Housing, Energy and Investing
A roof over your head and gas in your tank cost more than ever. But prices for these essentials color your view of investing.
What do your nest egg, retirement planning and personal finances share with the overall American economy? Plenty, especially when it comes to the bite from energy and home prices.
In recent years rising gasoline and heating or cooling costs gobbled up family income, even as a depressed housing market erased personal wealth and left Americans feeling uncertain about their economic prospects.
According to the latest consumer price index figures from the U.S. Bureau of Labor Statistics, energy and home costs spearheaded jumps in overall prices in January. The gasoline, fuel oil and electricity prices combined to produce a 2.2% increase in the energy price index.
Nevertheless there now appears to be good news regarding stable and even falling energy prices. Gas and fuel oil costs seriously affect our economic well-being, accounting for nearly 10% of the U.S. Consumer Price Index. Those costs fell 0.8% in the past year and analysts predict they will fall 5.5% this year.
While nudging up lately, gasoline prices are still down 9.5% over the past 12 months, back to levels unseen since early 2007. For the first time in two decades, the U.S. relies less on imported oil and gas.
Development of hydraulic fracturing of shale deposits, or fracking, also helped drive down energy costs. Fracking releases previously inaccessible energy deposits cheaply by shooting water, sand and chemicals at high pressure to fracture the surrounding rock formations.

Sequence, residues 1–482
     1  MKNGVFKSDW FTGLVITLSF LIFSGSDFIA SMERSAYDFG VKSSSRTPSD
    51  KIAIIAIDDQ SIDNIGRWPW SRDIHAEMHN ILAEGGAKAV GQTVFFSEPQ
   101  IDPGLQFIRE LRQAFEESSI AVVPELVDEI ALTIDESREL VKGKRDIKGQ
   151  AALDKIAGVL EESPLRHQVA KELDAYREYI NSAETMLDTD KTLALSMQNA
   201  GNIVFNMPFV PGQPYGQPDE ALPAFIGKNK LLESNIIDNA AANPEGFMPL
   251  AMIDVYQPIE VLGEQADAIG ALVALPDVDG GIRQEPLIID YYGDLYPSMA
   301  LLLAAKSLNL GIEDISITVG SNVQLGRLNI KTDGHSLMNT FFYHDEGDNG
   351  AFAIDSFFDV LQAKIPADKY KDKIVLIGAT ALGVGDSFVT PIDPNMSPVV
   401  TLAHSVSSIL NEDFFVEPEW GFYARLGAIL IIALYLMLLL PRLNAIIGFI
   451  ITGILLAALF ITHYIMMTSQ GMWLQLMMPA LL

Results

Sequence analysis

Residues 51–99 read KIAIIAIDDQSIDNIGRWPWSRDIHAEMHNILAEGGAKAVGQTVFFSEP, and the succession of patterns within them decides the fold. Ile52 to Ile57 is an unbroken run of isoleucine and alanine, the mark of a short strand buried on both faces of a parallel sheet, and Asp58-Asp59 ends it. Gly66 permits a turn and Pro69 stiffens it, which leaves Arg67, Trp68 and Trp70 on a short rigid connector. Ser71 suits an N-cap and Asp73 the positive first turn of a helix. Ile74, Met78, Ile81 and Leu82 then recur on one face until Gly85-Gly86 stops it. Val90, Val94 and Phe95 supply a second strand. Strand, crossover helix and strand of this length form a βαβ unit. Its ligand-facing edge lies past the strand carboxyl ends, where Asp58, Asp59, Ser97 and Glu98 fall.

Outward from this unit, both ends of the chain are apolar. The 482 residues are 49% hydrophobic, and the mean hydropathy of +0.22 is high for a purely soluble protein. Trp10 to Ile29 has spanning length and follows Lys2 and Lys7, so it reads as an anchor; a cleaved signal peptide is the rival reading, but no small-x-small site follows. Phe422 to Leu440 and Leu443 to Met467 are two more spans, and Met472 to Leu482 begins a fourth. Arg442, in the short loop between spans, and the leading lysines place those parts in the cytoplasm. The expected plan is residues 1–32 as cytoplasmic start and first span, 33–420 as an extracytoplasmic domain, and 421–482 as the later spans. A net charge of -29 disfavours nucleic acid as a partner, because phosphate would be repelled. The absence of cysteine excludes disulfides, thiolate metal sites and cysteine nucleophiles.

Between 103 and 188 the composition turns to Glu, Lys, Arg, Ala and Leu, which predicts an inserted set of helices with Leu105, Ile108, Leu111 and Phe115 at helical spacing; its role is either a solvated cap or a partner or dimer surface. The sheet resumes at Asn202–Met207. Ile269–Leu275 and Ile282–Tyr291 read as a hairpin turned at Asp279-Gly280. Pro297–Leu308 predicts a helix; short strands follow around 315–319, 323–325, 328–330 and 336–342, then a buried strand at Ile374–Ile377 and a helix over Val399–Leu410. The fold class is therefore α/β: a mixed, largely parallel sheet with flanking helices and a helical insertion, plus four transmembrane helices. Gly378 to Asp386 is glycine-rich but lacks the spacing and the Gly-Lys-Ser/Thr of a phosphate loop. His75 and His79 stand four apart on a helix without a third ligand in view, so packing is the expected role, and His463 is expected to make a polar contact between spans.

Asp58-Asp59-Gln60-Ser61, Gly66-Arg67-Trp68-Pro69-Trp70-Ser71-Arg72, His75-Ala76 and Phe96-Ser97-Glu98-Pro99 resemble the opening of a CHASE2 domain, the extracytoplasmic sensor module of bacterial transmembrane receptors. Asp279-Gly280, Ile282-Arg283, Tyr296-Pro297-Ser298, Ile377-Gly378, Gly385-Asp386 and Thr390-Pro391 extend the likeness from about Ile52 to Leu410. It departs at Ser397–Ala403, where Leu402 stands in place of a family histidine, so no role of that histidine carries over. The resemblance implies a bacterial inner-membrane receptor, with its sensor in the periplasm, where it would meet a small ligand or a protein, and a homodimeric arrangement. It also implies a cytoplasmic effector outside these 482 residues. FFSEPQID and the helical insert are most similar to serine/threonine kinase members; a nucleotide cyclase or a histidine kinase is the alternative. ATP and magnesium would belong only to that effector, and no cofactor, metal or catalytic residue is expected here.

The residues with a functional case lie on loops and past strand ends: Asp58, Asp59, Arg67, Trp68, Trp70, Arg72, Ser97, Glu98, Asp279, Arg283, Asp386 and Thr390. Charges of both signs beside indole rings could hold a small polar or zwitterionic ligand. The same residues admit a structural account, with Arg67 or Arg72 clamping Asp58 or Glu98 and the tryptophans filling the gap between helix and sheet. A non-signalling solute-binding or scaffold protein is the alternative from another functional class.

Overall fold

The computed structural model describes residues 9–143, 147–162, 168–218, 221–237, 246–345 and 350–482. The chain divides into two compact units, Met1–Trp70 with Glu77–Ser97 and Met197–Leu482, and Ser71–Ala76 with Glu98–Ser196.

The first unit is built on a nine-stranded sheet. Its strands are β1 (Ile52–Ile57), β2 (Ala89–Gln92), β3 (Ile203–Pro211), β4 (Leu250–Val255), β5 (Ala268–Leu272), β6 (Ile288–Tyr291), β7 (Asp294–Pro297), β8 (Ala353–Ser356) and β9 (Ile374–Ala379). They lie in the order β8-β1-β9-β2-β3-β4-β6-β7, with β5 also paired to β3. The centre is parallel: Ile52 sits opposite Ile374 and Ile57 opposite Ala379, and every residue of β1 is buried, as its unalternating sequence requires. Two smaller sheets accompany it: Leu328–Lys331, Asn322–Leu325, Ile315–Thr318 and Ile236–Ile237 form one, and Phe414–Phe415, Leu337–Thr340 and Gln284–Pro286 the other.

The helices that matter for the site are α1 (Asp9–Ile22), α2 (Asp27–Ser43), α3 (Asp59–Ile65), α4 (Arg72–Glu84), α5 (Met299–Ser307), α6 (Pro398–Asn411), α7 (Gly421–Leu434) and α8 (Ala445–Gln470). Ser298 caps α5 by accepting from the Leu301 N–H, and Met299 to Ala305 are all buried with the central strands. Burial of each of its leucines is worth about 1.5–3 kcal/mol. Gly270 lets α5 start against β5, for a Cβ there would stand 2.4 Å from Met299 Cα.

One notable exception: the price of natural gas, driven up sharply by a dearth in pipelines and which, in spots like this winter’s frigid Northeast, also drive up electricity prices.
Thanks in part to the general dip in energy costs, though, consumer prices rose only about 1.6% in the past year. Economists predict the same rise in 2014, marking potentially the first time in half a century that prices climbed so slowly in two consecutive years of economic growth.
Meanwhile, housing values slowly recover from the near collapse of 2008. According to the Case-Shiller index of home values, the average home price in metro Atlanta, where I live, increased 11.3% over the past year. Case-Shiller’s 10- and 20-city composites also show home prices increased an average 13.6% and 13.4% year-over-year respectively, with Las Vegas and San Francisco notable standouts.
We’re not all the way back: Home prices remain down 20% from their mid-2006 peak.
The economy is hardly on fire, but these trends are two good reasons to believe that a more solid recovery and better times lie ahead.
Still, U.S. investors’ outlooks faltered at the end of 2013, according to the Retirement Optimism Index survey by Wells Fargo/Gallup Investor. Retirees and those not contributing to a retirement plan, such as a 401(k) or 403(b), reported the darkest outlooks. Surveyors carefully cited investors’ waning confidence in the economy rather than reactions to personal financial circumstances.
Your optimism fuels your desire to invest and commit to investments – especially in our recent rollercoaster market. How do you feel about the economy and your own financial prospects? More confident than a year or two ago?
How’s your mindset affecting your spending and investing? Before you send money toward Wall Street, ask yourself these key questions.
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Wes Moss, CFP, is the chief investment strategist for Capital Investment Advisors and a partner at Wela Strategies, both in Atlanta. He hosts “Money Matters,” a live financial advice show on Atlanta’s 95.5 FM and AM 750 News/Talk WSB Radio. His two books are Make More, Worry Less and Starting From Scratch. He has appeared frequently on CNBC, Fox Business Network and on Atlanta-area television. He also writes weekly about personal finance in the “Bargain Hunter Section” for AJC.com, the site of The Atlanta Journal-Constitution. Connect with Wes on Twitter at @WesMoss365 and on Facebook at Wes Moss Money Matters.
This article appeared originally, in different form, on AJC.com.
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